Texas Republicans are doing pretty well for themselves these days. For example, they often win elections in this state without any help from Democrats.
So you might be surprised to read a flyer from El Paso state Rep. Dee Margo, a Republican, with friendly words from Reps. Naomi Gonzalez and Marisa Marquez, both of whom are Democrats.
“While I do not agree with Dee’s every vote, I appreciate all that he has done to support my office and good local policy,” Marquez says, calling Margo a “trusted ally in our fight for a better El Paso.” Gonzalez calls Margo a “team player…willing to listen to both sides of an issue and work across party lines for the good of El Paso.”
You might be especially surprised to read that flyer if you were the Democrat running against Margo—and especially if you had already served in the House with Marquez before, and she was still supporting Margo over you.
That’s the position Joe Moody finds himself in. So it’s no surprise he doesn’t want to spend much time talking about this intra-party squabble—why two members of his own party braved all the wrist-slapping the local Democratic establishment can dish out, just to support the other guy.
Moody wants to talk about the massive education cuts Margo voted for last session—Margo was the only member of the El Paso delegation to do so—and what he’d do differently. “We need to reduce the amount of money we spend on these contracts for standardized tests,” he says.
Moody is the son of an El Paso district judge, brought up in a political culture dominated by Democrats and known for infighting and nasty personal squabbles. He was just 27 when he was narrowly elected to the Texas Legislature in 2008, a Democrat riding a wave of party support in a presidential election year. When Moody narrowly lost re-election two years ago, his opponent, Margo, rode a tea party wave of Republican support.
“I could probably tell you his life story and he could tell you my life story. We could probably finish each other’s jokes,” Moody says of his opponent, “for better or for worse.”
The third race between Margo and Moody for House District 78 figures to be another close one this time around. So when the news that Marquez and Gonzalez broke party ranks in late September to support a Republican—in one of the handful of tight contested legislative races this fall—the Democratic party faithful flipped out.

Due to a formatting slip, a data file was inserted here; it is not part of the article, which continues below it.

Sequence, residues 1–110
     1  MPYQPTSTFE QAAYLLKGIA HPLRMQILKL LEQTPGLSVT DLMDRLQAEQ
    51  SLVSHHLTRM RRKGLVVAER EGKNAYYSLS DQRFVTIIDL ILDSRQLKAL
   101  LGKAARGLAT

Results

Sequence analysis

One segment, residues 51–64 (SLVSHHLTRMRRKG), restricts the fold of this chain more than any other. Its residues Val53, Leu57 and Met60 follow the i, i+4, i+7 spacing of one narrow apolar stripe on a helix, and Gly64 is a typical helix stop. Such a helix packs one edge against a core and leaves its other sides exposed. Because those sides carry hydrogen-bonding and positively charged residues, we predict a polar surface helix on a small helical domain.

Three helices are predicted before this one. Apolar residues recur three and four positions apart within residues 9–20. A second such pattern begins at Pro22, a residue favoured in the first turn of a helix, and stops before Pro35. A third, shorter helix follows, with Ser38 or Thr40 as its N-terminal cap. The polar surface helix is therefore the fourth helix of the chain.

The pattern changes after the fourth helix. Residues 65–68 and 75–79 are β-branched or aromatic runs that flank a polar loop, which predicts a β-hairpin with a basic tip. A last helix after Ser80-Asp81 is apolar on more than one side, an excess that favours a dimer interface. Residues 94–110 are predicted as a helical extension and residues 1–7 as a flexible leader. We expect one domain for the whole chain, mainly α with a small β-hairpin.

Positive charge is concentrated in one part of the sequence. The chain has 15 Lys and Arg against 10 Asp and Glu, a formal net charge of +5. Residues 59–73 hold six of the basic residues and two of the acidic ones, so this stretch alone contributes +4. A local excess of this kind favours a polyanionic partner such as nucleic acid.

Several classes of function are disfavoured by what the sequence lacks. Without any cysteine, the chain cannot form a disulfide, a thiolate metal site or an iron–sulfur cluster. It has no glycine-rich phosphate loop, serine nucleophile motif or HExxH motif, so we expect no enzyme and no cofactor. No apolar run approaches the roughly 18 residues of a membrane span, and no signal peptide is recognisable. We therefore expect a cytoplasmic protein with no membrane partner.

Rebecca Robledo, an El Paso representative to the state Democratic Executive Committee, circulated a letter written “with great sadness and even greater disappointment,” saying the “so-called Democrats” should be banned from party functions in the future and calling their support for Margo “an embarrassment.” El Paso County Democratic Party Chair Rick Melendez wrote a formal declaration that the local executive committee would “publicly admonish, rebuke and censure” Gonzalez and Marquez.
“Everybody is just totally floored. … We don’t understand where they’re coming from and why they would do this,” Texas Democratic Party Chair Gilberto Hinojosa told the El Paso Times, though he conceded there might not be much to do about the problem. “I’m not sure I have the authority to deny a Democratic elected official any of the services that the Texas Democratic Party provides.”
In an editorial after the rush of criticism, the El Paso Times said the only thing that was “embarrassing” was the hand-wringing about two House members breaking party ranks.
Still, the controversy has mysterious origins. One possible answer is in common funders of Margo, Marquez and Gonzalez’s campaigns—the conservative Texans for Lawsuit Reform PAC is a major supporter of Margo, and has given to Marquez and Gonzalez too, but not to Moody or other El Paso House Dems. El Paso Times columnist Joe Muench has teased out a theory about downtown developers Woody Hunt and Paul Foster’s support for those three.
“It defies political logic for [Marquez and Gonzalez] to do it,” says Jaime Abeytia, an El Paso Democrat who broke the news of the flyer on his Lion Star Blog. “I don’t see a tactical reason for what they’ve done. I think that only leaves a personal reason. … They have zero in common in policy—to their credit, Marquez and Gonzalez have a very Democratic voting record.”
Marquez clarified later that her words shouldn’t be taken as an endorsement of Margo. “This is not an endorsement of Republican ideals or the party. This is saying that this individual is an important part of our delegation and its ability to come out of our bitter past,” she told the Times. (She didn’t return a request for comment for this story.) But Margo says the explanation is as simple as it sounds on his flyer: he and Marquez worked together on government transparency bills last session, a break from the acrimony that has plagued El Paso for so long.
“We all work together and frankly we weren’t the drama queens that El Paso has been,” Margo says. “The El Paso delegation wasn’t sought out for input on legislation before it was proposed.” With him on the House Appropriations Committee as a freshman lawmaker, Margo gave the far-off city a place at the table in Austin.
Moody, whose two years at the Lege make him, so far, a bit player in the soap opera of El Paso politics, says it’s unfair to suggest he’s part of the party strife. “Our delegation was very well known for problematic personal relationships, but I don’t remember a story that included my name in that. That was an issue that never impacted my service.”
If Moody does win back the seat, the new El Paso delegation’s first get-together could be a little bit awkward.